At best, priapism is uncomfortable. At worst, it's frightening. It's strange to have no control over a bodily function associated with arousal.

The three times I went to the hospital for treatment my erection lasted for hours. My penis had to be bled out with a giant needle: a shunt. The doctors used a local anaesthetic, but it was still painful and somewhat horrifying to watch.

A doctor told me, during my last hospital visit, that if I kept using the drugs, I could risk long-term damage to my penis. I quit performing the next day.

It was a difficult decision. Performing was my only source of income at the time, and one of the only job skills I believed that I was good at. In many ways, I had to start over with my professional life.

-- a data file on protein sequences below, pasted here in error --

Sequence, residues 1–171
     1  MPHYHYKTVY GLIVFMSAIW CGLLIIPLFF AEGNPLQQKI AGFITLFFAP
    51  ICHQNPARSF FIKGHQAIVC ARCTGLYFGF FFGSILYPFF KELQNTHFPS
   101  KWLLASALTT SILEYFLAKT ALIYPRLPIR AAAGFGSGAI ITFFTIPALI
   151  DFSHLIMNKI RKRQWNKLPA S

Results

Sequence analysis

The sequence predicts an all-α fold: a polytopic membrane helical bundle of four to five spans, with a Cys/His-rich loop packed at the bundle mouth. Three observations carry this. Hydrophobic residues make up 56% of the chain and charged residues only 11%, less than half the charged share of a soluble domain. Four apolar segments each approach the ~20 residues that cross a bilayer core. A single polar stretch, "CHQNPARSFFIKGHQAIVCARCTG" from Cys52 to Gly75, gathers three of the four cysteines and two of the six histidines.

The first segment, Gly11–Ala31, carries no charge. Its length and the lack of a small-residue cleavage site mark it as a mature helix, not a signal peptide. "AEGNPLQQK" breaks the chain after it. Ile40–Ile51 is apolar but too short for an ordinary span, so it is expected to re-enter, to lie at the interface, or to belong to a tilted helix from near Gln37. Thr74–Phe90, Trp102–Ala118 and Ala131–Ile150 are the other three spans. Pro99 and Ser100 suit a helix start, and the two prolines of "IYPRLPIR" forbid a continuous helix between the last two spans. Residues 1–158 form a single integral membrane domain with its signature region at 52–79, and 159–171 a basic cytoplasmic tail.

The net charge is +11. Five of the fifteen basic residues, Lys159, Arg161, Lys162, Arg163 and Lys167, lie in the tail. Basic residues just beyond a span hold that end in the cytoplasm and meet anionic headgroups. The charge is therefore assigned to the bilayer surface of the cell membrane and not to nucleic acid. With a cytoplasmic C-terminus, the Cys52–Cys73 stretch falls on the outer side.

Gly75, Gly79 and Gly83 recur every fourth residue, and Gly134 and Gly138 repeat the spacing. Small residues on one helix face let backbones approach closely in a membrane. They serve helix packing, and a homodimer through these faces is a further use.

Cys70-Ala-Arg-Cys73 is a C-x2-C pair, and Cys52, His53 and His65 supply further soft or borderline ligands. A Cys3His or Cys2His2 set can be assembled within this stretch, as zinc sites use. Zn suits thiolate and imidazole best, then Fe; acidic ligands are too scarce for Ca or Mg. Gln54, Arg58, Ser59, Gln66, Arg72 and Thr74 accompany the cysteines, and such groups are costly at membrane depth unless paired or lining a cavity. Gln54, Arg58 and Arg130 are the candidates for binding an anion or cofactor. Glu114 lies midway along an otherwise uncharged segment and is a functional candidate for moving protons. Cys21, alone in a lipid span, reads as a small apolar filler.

What is the biggest misconception people have about adult performers?

The misconception I run into the most is that porn performers are always available for sex. There's a certain breed of fan that seems to hold on to this belief. I think most sex workers are inundated with these kind of absurd requests for sexual services via email and social media, and in real life too.

Socially or politically speaking, I think there's a misconception that most porn performers are coerced, physically or otherwise, into their line of work.

You say that there is a misconception porn performers are always sexually available. Do you think the industry needs its own #MeToo movement?

Sure, there are some rotten apples when it comes to directors and producers. Certainly there are those who are guilty of sexual harassment within the industry. But I was referring mostly to fans, consumers, and people outside of the industry.